Markets News

CANADA FX DEBT-Canadian dollar turns lower as trade hopes boost greenback

 (Adds strategist quote and details on activity; updates prices)
    * Canadian dollar falls 0.1% against greenback
    * Canada's trade deficit narrows to C$978 million in Sept.
    * Price of U.S. oil increases 1.2%
    * Canadian bond prices fall across steeper yield curve

    By Fergal Smith
    TORONTO, Nov 5 (Reuters) - The Canadian dollar edged lower
against its U.S. counterpart on Tuesday, pulling back from an
earlier six-day high as the greenback benefited from hopes the
United States and China were moving closer to a trade deal.
    At 3:14 p.m. (2014 GMT), the Canadian dollar          was
trading 0.1% lower at 1.3157 to the greenback, or 76.01 U.S.
cents. The currency's weakest level was 1.3178, while it touched
its strongest since last Wednesday at 1.3116.
    The U.S. dollar        climbed against a basket of major
currencies, including the safe-haven yen and Swiss franc, as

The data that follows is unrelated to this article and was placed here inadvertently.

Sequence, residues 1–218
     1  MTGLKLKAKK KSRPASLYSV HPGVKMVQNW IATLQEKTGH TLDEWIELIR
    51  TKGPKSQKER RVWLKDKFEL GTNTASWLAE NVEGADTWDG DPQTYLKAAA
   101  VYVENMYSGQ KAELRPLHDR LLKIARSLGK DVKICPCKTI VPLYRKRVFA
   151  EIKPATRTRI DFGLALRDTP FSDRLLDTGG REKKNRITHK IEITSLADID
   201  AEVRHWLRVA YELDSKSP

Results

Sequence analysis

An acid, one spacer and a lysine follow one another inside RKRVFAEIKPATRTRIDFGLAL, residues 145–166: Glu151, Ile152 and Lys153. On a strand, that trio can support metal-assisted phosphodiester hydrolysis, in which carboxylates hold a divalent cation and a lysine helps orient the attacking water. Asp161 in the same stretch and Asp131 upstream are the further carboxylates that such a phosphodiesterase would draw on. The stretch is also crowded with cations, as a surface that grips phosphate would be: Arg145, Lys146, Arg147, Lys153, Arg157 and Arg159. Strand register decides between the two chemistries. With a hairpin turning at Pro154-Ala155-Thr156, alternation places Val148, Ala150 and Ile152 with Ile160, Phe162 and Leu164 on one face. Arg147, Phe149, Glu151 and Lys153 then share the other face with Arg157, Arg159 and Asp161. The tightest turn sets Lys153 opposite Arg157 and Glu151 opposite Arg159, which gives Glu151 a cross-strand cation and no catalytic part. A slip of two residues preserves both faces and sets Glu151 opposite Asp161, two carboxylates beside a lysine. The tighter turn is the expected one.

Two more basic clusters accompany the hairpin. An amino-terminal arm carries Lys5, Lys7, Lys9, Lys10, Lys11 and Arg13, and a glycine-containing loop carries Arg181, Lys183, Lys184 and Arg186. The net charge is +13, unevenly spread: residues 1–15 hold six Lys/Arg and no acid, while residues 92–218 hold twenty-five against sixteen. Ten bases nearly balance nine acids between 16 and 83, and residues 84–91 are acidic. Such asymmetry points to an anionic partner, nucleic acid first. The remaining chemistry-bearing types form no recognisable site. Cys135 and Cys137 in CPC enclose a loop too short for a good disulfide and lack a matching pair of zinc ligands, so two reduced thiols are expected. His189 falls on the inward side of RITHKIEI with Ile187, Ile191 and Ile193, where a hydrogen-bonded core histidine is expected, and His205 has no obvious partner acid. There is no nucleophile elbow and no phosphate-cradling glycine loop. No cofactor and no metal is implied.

increased appetite for risk spurred investors to seek
higher-yielding currencies.             
    "The (U.S.) dollar is looking a bit cheap on our dashboard
and we think this development on trade, incremental optimism
there, pared with a rebound in ISM services is probably helping
to fuel the dollar again," said Mazen Issa, senior FX strategist
at TD Securities.
    Data from the Institute for Supply Management (ISM) showed
that activity in the U.S. services sector picked up in October
to a faster-than-expected pace.             
    Hopes for a U.S.-China trade deal also boosted the price of
oil, one of Canada's major exports. U.S. crude oil futures
       settled 1.2% higher at $57.23 a barrel.             
    Canada's trade deficit narrowed in September to C$978
million, compared with a revised August deficit of C$1.24
billion, as imports declined more than the drop in exports, data
from Statistics Canada showed.             
    Separate data from the Toronto Real Estate Board (TREB)
showed that Toronto's housing market tightened in October, with
the average price rising 5.5% on a year-over-year basis.
    Canadian government bond prices were lower across a steeper
yield curve, with the two-year            down 8 Canadian cents
to yield 1.638% and the 10-year             falling 74 Canadian
cents to yield 1.608%.
    The gap between Canada's 2- and 10-year yields narrowed by 4
basis points to a spread of 3 basis points in favor of the
shorter-dated bond, the narrowest gap since July 29.

 (Reporting by Fergal Smith; Editing by Paul Simao and Peter